I've read a bit of Dostoyevsky (almost all of The Idiot in an old cottage in the Cotswolds years ago) but not entire novels because I can't ever keep up with all the names. However, Hemingway is said to have revered the Russians and to have read them for inspiration. I should probably do that. After reading The Road, I have this feeling that life is too short not to be reading the classics, the books that really move us and move inside of us instead of the books that act like a sitcom, passing time but nothing more than a glossing over.
I'm getting off point.
This quote means a lot to me. I shared it with my brother a year or two ago, and we had a long discussion about this quote and what it means to us in our lives. We've talked about it several times since.
Above all, don’t lie to yourself. The man who lies to himself and listens to his own lie comes to a point that he cannot distinguish the truth within him, or around him, and so loses all respect for himself and for others. And having no respect he ceases to love.
Fyodor Dostoyevsky, The Brothers Karamazov
We have all, at times, lied to ourselves. When I was younger, it was less obvious to me perhaps because I was just less obvious to me; I didn't really know myself.
But even then, I recall traces of the biggest lie we all tell: I'm doing my best.
Have you ever noticed that when you say 'I'm doing my best,' you almost never are? The statement, I'm doing my best, is a defensive one, one I employ when I'm actually not doing my best but am trying to convince someone (and myself) that I am.
I learned a few years ago (really, these things come late to me in life), that if I wanted to feel good, happy, at peace or any of the myriad emotions we're taught bring joy and contentment, I had to work really hard. I couldn't coast or get by. I had to truly do my best, which didn't mean perfection. I could fail or get it wrong or mess it up, but if I was genuinely trying my best, I felt self-respect.
When I'm not doing my best, when I half-ass it, I don't respect myself.
When we don't respect ourselves, it infects everything else, every other relationship, our work, our home life, our parenting. Everything.
This work, for me, is at the heart of a well-spent day.
It's easy to think of well-spent as lying on a chaise lounge with an exceptionally good novel (McCarthy, Hemingway, Haruf, Cather) and a good, strong cup of coffee. It begins early enough, with a spectacular sunrise, and it involves almond baby cakes topped with fresh fruit and full-fat yogurt. There might be another cup of coffee as the morning shifts into a bright, hot, dry day (I'm in Sedona, after all), and friends stop by for lunch and have the loveliest stories to tell while we sit in the shade and wait for the sun to go down. Dinner is light and accompanied by a glass of wine, my body grateful after the two-hour yoga session I did with the Red Rocks in the distance.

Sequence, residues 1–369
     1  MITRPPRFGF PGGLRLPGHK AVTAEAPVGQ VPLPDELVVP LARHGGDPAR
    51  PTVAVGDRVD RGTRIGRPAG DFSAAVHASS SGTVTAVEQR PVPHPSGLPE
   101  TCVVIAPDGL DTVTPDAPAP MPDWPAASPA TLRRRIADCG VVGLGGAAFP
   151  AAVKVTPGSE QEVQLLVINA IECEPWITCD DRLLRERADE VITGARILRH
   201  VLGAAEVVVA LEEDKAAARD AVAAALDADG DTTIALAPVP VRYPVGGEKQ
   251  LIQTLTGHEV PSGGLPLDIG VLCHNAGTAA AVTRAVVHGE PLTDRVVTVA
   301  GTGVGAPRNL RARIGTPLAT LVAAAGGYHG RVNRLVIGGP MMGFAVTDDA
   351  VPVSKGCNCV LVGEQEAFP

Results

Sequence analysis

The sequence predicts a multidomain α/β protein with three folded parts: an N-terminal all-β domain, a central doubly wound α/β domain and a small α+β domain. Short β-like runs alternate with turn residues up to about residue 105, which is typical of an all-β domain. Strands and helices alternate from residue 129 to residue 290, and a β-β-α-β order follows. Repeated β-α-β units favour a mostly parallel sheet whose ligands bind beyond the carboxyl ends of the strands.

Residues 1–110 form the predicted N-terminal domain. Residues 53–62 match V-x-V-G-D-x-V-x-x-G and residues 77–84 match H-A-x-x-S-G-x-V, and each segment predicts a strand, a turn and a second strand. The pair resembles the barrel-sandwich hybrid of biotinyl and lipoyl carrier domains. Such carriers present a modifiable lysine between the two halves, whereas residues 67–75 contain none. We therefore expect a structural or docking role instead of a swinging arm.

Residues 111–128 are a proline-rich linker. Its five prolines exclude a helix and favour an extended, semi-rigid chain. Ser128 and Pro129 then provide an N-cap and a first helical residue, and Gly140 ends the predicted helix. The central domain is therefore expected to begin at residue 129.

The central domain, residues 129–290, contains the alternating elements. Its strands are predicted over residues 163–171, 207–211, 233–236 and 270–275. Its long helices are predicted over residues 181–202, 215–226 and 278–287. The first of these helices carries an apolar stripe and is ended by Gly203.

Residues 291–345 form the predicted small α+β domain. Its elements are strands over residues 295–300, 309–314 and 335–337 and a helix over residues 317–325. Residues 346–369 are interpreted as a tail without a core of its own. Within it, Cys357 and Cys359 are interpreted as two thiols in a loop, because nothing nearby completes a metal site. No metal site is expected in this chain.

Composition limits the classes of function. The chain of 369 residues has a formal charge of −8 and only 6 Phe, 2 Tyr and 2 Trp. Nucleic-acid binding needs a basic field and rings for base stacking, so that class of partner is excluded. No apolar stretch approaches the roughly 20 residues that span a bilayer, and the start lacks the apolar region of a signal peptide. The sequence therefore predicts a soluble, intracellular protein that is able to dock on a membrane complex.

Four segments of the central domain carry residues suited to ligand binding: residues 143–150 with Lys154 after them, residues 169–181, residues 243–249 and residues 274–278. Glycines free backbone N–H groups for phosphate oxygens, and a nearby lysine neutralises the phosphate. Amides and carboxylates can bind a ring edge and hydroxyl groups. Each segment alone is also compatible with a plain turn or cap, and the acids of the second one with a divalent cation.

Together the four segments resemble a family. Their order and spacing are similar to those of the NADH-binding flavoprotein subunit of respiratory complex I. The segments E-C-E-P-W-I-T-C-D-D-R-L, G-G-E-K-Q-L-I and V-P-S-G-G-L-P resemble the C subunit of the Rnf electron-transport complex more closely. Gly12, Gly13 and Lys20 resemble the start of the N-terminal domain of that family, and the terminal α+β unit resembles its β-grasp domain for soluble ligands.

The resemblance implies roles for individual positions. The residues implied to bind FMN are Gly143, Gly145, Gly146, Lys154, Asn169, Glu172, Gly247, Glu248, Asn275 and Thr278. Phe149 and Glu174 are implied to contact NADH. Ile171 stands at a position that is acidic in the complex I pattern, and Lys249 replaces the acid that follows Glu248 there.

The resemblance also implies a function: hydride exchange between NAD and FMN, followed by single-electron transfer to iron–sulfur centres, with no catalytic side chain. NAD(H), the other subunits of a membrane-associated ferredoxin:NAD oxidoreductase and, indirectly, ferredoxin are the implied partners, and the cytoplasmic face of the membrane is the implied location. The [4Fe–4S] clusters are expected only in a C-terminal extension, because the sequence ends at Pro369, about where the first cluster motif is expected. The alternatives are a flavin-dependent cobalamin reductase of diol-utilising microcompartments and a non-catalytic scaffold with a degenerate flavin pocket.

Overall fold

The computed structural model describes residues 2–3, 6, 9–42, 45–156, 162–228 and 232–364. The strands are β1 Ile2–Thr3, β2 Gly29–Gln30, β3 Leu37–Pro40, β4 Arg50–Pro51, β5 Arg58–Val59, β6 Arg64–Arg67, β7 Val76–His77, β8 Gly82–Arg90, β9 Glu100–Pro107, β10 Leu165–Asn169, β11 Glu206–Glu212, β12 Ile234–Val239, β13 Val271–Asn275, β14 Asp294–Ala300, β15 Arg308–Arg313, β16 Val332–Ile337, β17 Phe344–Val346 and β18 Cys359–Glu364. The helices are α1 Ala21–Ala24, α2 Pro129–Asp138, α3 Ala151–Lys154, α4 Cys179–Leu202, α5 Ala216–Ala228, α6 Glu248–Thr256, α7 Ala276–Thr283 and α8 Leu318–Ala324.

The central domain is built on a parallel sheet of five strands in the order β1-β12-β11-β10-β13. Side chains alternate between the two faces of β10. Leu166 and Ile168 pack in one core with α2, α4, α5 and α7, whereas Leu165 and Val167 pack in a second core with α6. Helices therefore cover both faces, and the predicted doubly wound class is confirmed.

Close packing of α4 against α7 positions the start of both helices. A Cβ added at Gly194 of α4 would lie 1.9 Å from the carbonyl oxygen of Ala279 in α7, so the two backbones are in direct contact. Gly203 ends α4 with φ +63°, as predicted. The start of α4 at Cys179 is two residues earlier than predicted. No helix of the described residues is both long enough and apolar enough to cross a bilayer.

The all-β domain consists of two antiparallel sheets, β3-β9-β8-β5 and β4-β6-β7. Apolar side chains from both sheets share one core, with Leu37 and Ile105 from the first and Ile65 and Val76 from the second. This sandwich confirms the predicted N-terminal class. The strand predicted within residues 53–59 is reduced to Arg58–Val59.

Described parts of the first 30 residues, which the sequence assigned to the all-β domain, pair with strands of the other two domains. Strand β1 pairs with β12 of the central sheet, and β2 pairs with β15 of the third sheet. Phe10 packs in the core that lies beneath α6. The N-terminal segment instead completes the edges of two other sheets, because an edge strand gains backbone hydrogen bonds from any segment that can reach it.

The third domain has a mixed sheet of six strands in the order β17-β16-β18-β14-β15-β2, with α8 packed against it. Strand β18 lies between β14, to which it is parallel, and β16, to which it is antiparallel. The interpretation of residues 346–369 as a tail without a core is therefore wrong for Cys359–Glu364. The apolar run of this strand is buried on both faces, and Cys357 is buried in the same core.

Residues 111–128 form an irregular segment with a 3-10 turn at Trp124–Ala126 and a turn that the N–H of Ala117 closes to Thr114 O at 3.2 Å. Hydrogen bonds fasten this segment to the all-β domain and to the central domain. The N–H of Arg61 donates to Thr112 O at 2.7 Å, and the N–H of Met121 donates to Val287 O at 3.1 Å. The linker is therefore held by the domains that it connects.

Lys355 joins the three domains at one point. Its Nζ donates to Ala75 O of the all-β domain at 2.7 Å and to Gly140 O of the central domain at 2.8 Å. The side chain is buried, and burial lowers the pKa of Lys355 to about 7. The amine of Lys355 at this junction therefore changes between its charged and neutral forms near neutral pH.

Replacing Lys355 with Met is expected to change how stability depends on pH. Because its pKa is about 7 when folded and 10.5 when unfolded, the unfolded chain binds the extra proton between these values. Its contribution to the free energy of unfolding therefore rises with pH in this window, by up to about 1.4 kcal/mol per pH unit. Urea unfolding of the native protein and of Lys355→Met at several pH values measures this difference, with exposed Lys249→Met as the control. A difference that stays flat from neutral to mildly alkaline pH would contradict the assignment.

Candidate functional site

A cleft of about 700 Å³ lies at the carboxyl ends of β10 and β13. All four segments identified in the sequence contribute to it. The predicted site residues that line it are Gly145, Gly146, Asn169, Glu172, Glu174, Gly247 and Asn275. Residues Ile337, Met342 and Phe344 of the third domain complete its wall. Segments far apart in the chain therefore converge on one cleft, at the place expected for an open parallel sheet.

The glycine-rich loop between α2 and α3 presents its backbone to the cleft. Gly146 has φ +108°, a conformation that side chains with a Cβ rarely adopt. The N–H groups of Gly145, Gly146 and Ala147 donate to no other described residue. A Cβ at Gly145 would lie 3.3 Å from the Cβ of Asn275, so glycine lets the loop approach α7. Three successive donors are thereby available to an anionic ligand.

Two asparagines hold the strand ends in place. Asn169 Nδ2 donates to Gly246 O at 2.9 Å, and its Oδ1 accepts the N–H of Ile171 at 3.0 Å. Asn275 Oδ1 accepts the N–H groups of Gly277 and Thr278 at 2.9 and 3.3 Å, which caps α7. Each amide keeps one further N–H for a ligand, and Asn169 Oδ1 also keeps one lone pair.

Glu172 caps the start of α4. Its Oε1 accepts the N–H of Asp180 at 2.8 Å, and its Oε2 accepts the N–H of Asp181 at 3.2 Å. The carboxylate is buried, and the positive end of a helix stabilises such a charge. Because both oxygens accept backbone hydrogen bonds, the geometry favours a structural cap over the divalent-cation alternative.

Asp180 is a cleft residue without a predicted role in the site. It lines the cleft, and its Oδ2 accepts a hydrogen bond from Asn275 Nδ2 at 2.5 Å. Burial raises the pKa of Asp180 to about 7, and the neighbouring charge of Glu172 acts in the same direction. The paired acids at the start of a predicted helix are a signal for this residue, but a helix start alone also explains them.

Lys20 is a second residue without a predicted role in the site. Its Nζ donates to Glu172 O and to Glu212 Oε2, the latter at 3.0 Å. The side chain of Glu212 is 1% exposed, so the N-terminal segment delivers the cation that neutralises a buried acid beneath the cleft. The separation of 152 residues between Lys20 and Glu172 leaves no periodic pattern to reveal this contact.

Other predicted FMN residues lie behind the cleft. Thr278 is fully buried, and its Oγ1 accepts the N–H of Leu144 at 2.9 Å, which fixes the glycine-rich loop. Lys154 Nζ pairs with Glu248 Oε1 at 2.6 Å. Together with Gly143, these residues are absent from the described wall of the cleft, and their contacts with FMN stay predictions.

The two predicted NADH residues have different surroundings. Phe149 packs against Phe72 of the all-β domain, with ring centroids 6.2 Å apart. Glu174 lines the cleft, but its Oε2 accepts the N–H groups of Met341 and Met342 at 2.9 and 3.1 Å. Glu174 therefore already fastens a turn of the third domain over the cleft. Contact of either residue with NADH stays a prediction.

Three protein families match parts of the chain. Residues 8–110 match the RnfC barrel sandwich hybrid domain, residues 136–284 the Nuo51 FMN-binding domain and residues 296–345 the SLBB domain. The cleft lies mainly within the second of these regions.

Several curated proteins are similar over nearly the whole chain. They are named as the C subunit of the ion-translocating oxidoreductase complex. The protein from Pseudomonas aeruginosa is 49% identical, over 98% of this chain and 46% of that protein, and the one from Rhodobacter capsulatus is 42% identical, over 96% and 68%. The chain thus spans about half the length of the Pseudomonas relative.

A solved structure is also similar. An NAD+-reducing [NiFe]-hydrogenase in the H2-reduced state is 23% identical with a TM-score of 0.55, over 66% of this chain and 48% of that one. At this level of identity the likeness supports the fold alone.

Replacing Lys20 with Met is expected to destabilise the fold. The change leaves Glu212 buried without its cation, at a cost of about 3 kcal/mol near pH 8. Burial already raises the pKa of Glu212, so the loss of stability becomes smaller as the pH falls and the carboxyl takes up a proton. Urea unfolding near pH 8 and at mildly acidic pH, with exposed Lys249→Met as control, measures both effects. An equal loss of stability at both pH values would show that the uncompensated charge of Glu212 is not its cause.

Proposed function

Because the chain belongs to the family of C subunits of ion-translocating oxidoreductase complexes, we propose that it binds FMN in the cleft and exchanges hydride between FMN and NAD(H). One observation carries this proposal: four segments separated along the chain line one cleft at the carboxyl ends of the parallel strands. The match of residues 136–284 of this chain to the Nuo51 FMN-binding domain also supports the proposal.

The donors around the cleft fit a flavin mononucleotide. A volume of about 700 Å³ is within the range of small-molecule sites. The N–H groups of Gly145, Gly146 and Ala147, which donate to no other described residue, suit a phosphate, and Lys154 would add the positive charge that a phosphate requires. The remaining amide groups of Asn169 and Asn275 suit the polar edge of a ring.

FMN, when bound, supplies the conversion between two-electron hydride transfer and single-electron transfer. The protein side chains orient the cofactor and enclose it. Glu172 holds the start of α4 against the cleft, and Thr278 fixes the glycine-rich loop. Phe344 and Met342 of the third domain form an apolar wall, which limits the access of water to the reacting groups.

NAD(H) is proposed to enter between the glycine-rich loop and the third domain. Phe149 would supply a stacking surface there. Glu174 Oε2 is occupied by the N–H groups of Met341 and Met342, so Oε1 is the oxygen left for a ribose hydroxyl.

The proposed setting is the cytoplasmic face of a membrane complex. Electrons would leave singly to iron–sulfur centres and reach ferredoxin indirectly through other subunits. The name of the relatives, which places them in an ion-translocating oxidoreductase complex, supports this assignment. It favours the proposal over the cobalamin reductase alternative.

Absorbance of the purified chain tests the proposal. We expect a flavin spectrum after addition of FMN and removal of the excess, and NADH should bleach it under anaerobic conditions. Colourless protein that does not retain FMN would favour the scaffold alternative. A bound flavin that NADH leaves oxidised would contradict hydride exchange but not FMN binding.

You get the point.
The reality of well-spent is less romantic in some ways but much simpler in others.
Get up. Eat and drink well and not too much. Move a lot. Do your work. Be kind to your kids. Do more of your work. Drink a glass of wine. Watch the sunset and feel good in a chair, with the wine, because you worked hard and steadily and didn't sit around on the computer reading celebrity gossip or shopping for another wool cardigan, particularly as you're allergic to wool.
We lie to other people, and as we mature we realize how damaging that is, even the little lies. It's a relief when we stop doing that.
But when we stop lying to ourselves, it's a revelation.
Whether it's about who we love, how we love, the work we do, our goals or dreams, the way we want to parent....whatever it is.....each time we lie to ourselves, we give away of sliver of our self respect.
If anyone is up for it, what's a lie you've told yourself? When did you realize it? Is life better now that you've stopped?
With all of that heavy thinking behind me, I'm off to dig around for some Dostoyevsky in my bookshelf. There's got to be something there.